As observed earlier, the lands here were public lands of the United States ceded upon annexation. Section 91 gave the Territory authority to "manage" such lands, and as part of its function of management it may lease them to private persons.13 But leased lands remain subject to taking by the United States under § 91 of the Organic Act. This court so held in United States v. Chun Chin, 9 Cir., 150 F.2d 1016, 1017. The land there had been leased in 1936 for a term of 21 years. In 1940 the United States undertook to condemn several tracts for public use, and by inadvertence the leased parcel was included in the petition and declaration of taking, the Territory being listed as owner. In its answer the Territory pointed out that the parcel was public land subject to taking under § 91. Later, by an amended answer, the Territory set up the fact that the Governor had subsequent to the institution of the condemnation suit set the parcel aside for the use of the Navy. However, the trial court denied the government's motion to dismiss the parcel from the proceeding, and it awarded the lessee judgment for the value of his improvements. This court reversed, saying that "Condemnation was not an appropriate procedure since the rights of the United States as well as the method of asserting them have been prescribed by Congress in the organic law of the Territory." We did not pass upon the question of compensation for improvements, saying that such question was not in the case; but it is clear that the taking of public land under authority of § 91 is not subject to the condition that compensation be paid, as in condemnation, for the unexpired portion of a term lease. Such a requirement would obviously be inconsistent with the power unconditionally reserved.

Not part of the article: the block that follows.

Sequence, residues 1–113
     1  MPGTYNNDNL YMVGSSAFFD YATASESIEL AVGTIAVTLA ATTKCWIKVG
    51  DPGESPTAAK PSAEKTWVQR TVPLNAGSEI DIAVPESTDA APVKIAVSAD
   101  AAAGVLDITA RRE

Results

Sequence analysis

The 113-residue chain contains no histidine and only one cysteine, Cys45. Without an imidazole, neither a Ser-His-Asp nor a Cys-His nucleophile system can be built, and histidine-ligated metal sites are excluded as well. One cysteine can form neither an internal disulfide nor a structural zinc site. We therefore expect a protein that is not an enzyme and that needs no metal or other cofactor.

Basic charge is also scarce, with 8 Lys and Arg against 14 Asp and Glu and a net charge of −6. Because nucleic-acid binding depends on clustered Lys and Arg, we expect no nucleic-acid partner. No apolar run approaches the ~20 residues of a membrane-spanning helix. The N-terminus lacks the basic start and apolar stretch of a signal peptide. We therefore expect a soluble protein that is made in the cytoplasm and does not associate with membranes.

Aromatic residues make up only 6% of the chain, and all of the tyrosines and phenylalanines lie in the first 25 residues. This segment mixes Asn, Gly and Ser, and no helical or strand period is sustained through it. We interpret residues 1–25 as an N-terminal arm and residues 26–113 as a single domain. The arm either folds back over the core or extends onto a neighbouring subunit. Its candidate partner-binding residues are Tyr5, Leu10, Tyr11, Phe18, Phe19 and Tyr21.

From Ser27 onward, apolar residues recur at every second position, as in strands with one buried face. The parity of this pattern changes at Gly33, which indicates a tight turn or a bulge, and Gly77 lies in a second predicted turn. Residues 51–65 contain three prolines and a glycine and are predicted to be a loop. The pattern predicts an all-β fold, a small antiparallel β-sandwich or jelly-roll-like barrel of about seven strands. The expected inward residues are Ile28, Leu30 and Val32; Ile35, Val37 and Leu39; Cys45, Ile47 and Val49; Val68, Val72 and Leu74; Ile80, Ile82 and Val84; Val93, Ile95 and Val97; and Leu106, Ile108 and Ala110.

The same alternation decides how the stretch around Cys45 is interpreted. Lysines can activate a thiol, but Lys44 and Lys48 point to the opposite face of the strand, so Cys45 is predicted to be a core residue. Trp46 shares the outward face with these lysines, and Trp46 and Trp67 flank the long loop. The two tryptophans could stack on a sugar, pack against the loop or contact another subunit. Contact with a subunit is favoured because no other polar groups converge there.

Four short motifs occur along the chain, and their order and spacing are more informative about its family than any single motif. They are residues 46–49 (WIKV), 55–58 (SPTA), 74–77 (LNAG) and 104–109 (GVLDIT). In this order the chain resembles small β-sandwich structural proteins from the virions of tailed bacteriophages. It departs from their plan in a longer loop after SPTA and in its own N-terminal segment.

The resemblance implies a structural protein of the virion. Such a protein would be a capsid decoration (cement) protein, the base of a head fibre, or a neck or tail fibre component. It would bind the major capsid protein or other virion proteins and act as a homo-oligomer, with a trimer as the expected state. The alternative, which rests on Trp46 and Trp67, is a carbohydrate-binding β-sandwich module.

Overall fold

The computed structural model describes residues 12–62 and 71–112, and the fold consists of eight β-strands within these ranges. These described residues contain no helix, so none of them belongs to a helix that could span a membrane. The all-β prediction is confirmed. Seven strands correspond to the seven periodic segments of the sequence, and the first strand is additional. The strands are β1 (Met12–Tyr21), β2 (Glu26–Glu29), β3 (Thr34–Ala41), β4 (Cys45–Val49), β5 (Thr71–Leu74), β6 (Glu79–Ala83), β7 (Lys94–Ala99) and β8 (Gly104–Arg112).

We turn now to the withdrawal clause embodied in the leases. Appellees contend, in harmony with the holding of the trial court, that the clause contemplates withdrawal of the lands for public purposes of the Territory, only. This, if true, is not determinative, since the provisions of § 91 of the Act must in any event be read into the contracts. However, apart from that consideration, we think the clause is broad enough to include withdrawal for the uses of the United States as well as of the Territory. It provides, among other things, that the demised land may "be withdrawn from the operation of this lease * * * for any public purpose." The provision should be read in light of the Territory's quasi-trustee relationship toward the paramount owner. The United States was no stranger to this property. Nor in considering the problem is it rational to divorce entirely the public purposes of the Territory from those of the United States. Often their interests are indistinguishable, as in a vital sense they were here.